By Gienna Shaw
Health IT executives have given up too much power when it comes to IT budgets and finance, Edward Marx (pictured), CIO of Texas Health Resources, told the CHIME13 audience in Arizona last week during a session on surviving the economic downturn.
"If I look at the agendas of HIMSS and CHIME conferences, governance is always there, and you have to wonder: Why has somebody not figured it out yet?" said Marx, who also is a member of the FierceHealthIT advisory board.
"It's not so much about the right model," he said. "When I think about what's wrong with governance to today [the problem is that] we as leaders have abdicated our authority."
IT leaders can build great processes, continue to improve them and create alliances, he said. But there's a flip side to that. "Pretty soon, IT wasn't being run anymore by the business executive--myself--it was run by a bunch of people who have disparate interests."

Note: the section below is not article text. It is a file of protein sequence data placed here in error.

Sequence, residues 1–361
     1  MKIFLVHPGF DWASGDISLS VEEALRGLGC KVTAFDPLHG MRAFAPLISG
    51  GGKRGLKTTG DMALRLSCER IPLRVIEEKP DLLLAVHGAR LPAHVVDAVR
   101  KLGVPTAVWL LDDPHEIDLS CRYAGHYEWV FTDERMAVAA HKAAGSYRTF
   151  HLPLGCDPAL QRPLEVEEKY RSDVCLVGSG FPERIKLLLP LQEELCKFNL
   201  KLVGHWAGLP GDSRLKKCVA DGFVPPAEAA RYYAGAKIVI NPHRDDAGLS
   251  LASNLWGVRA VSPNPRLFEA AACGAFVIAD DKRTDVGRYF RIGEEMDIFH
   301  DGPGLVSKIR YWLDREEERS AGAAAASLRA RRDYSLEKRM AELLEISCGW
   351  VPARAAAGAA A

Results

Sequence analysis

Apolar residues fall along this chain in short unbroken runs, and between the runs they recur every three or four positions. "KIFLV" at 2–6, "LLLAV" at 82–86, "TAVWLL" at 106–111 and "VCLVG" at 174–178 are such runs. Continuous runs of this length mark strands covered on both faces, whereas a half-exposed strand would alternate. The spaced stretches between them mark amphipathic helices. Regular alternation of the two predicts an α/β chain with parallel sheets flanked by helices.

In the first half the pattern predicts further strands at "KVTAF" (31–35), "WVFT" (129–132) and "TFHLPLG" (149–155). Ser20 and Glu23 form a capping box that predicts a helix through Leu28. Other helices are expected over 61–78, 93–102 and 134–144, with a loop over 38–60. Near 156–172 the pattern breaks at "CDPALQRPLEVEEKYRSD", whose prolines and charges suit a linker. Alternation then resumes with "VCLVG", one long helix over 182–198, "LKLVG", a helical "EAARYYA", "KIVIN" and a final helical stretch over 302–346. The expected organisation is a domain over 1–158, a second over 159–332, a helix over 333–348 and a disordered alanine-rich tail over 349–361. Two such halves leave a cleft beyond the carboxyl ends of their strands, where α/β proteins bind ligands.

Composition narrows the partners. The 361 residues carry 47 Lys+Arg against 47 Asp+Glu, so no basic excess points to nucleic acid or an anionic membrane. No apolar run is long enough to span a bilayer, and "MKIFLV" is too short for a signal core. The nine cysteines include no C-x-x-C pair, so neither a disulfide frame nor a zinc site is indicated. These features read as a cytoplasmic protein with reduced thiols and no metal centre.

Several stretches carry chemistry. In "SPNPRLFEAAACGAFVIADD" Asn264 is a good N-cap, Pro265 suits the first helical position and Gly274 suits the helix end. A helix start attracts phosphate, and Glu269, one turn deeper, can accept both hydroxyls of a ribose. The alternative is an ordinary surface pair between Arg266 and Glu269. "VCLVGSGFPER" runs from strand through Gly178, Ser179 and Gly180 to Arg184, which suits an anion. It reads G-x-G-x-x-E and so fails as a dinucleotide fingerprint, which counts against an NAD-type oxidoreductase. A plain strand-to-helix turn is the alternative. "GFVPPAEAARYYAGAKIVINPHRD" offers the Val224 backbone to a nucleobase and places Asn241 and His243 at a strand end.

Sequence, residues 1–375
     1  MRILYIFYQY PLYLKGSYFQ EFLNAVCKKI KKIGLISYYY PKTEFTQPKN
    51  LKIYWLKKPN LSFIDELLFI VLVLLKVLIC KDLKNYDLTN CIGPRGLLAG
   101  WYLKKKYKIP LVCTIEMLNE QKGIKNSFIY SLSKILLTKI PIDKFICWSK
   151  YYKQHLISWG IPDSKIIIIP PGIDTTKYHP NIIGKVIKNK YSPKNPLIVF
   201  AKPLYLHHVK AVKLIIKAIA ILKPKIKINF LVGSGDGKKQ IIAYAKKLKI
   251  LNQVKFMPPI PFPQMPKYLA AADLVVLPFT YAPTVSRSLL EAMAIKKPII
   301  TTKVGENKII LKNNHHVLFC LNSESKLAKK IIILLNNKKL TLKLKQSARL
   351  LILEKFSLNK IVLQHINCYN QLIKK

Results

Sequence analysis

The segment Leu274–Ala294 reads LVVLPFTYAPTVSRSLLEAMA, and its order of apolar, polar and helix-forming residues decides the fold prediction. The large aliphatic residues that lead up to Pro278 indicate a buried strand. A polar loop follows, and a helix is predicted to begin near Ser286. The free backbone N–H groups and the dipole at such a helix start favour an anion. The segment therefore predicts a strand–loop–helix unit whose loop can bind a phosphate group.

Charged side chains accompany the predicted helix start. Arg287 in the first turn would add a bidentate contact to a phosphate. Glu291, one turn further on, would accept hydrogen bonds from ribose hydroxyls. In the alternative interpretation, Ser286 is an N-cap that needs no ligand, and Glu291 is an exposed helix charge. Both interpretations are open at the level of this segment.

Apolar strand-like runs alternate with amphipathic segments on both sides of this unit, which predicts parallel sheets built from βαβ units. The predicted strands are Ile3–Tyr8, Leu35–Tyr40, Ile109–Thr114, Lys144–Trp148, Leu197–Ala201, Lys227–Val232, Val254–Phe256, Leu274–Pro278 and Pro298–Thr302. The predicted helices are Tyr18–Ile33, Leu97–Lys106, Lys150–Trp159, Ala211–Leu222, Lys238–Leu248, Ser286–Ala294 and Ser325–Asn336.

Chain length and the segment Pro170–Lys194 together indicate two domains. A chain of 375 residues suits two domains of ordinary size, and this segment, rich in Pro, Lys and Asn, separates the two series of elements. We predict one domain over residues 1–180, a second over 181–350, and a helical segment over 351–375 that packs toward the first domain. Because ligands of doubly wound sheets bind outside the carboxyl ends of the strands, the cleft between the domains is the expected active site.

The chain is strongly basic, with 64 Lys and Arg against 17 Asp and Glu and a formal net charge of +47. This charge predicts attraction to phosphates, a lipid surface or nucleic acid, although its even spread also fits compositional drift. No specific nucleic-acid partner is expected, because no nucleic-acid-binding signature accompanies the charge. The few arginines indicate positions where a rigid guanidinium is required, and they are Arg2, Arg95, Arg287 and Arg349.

To find the solution, Marx turned to the data and analytics other departments were using, and focused them on his department.
"We coined a new phrase called 'evidence-based budgeting.' We're taking the same capabilities of analytics and focusing on IT. And as a result, we've been able to identify ... what our actual expenses are," Marx said, whether tactical, operational or strategic.
"I can give you the exact dollar amount and amount of services that we do in each of those three buckets," he said. "I can tell you exactly how much it costs to run our electronic health record ... My entire budget is broken down by products."
The evidence-based approach takes emotion out of the process, Marx added, and allows him to talk to his peers about the products and their costs, so that when they call for cuts he can help them make decisions about how to do so.
"I can ask them 'which products are you willing to go without?'" he said.
Marx's advice to fellow CIOs: "Take a step back. We are IT executives, business executives, and we are going to step up our game and lead. That's going to help us tremendously."